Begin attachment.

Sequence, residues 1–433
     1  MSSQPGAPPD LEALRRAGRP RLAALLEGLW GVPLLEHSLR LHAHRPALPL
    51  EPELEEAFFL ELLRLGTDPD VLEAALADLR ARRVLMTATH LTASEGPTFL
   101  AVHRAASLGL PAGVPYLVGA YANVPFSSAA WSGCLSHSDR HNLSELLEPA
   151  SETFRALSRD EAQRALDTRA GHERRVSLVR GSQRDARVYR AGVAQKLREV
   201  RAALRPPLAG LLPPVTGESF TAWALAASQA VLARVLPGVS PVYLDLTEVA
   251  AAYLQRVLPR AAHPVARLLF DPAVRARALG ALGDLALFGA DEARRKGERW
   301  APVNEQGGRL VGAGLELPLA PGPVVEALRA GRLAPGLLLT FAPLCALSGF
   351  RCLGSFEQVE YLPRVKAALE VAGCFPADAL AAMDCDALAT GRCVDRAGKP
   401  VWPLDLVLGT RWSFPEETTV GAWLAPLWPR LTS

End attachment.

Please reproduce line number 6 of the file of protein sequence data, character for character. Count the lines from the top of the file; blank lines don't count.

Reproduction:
   201  RAALRPPLAG LLPPVTGESF TAWALAASQA VLARVLPGVS PVYLDLTEVA